-jj
 

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ah yes. bloating. my favorite subject. when i get bloating i look wider from the side - my gut is visibly distended. if i'm not wearing loose clothing it really hurts.i find when it gets this bad, lying on my stomach makes me feel more comfortable and somehow helps direct the gas ("trapped" gas or whatever you want to call it)through my system until it is finally exits from my butt and is set free like a butterfly into the wind.
-jj
 

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quote:Episodic distension is unlikely to be due to permanent anterior abdominal muscle weakness or a persistent inability of themuscles to activate with standing in irritable bowel syndrome.
So anybody know what this means? Why would it be permanent? Isn't there any way to strengthen the anterior abs? And how are the anterior abs different from the regular abs (or are they)? Many questions.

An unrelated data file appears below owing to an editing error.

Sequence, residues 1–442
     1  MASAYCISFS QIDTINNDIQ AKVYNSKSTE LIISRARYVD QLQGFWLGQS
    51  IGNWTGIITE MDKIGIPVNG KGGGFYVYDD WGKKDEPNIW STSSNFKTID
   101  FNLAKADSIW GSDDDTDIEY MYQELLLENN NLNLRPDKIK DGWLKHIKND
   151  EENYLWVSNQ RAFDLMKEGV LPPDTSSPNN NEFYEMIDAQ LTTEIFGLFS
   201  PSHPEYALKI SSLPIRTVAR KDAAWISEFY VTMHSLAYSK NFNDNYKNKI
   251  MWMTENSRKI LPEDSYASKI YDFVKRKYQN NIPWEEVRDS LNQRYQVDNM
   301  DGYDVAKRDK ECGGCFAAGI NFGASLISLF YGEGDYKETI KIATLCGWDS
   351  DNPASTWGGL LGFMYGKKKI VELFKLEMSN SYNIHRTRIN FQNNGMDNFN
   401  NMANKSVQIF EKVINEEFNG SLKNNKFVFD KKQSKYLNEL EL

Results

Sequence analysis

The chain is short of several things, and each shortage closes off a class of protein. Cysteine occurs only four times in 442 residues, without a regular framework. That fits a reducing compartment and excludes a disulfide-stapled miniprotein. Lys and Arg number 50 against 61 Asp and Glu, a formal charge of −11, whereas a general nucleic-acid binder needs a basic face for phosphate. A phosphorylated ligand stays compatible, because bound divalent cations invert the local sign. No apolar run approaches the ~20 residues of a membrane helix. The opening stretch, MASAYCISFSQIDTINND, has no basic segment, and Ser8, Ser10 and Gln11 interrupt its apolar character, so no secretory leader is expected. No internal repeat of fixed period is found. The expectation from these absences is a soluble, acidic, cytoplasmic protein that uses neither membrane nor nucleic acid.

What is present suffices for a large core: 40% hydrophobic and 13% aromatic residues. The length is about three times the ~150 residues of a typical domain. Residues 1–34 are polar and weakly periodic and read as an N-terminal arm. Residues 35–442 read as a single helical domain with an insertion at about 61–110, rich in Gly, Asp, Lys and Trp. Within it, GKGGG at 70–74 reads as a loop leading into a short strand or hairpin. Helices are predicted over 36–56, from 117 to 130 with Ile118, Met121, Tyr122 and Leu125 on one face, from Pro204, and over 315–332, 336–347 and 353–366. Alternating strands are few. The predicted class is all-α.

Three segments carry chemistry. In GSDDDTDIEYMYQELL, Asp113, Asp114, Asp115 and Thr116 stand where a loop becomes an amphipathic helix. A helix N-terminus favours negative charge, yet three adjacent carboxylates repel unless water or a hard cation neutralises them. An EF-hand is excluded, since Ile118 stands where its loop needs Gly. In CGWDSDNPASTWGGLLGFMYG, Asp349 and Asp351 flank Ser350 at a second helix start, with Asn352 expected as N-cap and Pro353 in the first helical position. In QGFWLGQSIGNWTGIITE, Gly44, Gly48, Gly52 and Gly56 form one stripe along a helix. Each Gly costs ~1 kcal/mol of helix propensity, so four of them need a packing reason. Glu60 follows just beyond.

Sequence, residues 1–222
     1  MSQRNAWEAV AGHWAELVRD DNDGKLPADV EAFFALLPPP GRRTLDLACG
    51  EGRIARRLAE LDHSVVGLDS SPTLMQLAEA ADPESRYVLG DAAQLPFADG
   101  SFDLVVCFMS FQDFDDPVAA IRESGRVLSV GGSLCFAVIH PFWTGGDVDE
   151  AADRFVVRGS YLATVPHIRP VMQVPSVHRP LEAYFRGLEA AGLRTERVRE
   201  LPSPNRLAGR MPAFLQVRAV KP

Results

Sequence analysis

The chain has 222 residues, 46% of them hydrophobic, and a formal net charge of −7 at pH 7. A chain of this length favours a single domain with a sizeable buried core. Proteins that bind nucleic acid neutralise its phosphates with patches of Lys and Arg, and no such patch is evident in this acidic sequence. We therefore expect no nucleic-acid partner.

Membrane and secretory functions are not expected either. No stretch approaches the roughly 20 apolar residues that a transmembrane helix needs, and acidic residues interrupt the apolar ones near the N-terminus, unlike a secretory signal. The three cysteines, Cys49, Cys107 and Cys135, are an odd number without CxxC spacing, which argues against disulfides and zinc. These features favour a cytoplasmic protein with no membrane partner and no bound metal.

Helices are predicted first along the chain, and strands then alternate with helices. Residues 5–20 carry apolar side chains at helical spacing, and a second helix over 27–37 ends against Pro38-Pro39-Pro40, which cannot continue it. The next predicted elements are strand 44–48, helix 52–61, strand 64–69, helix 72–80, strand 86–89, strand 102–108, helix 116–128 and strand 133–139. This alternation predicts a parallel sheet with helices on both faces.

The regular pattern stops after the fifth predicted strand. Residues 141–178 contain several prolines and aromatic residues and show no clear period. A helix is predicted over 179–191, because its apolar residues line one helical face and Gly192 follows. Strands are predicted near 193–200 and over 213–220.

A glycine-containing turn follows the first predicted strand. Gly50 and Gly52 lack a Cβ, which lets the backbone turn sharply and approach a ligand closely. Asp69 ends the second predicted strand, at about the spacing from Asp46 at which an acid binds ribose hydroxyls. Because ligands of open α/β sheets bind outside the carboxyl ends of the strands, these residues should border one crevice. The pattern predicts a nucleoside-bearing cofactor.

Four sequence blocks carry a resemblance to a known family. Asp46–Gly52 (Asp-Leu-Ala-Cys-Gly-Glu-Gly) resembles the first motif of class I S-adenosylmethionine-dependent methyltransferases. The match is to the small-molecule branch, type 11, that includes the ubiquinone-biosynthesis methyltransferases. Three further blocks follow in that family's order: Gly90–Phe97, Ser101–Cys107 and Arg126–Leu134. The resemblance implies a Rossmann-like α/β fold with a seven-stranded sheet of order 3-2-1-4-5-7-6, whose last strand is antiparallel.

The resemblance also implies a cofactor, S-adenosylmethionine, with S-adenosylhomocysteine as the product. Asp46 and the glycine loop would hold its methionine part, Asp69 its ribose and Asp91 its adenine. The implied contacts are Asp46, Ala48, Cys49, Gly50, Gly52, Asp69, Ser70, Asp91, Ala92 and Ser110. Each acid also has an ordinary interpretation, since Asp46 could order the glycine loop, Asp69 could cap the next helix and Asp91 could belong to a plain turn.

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quote:Episodic distension is unlikely to be due to permanent anterior abdominal muscle weakness or a persistent inability of themuscles to activate with standing in irritable bowel syndrome.
So anybody know what this means? Why would it be permanent? Isn't there any way to strengthen the anterior abs? And how are the anterior abs different from the regular abs (or are they)? Many questions.
 

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Ugh, they saying its not permanent in the study, but more "However, there is a clear increase in muscle activity in the standing position" meaning more activity, not that its activating and then not.I have a good feeling that the hypnosis works so well on this is for both reasons. It relaxes the gut hence impair transent is increaseed to dispell it and it relaxes the gut muscles so they are not overly activating. Just some thoughts.------------------Moderator of the Cognitive Behavioral Therapy, Anxiety and Hypnotherapy forumI work with Mike and the IBS Audio Program. www.ibshealth.com www.ibsaudioprogram.com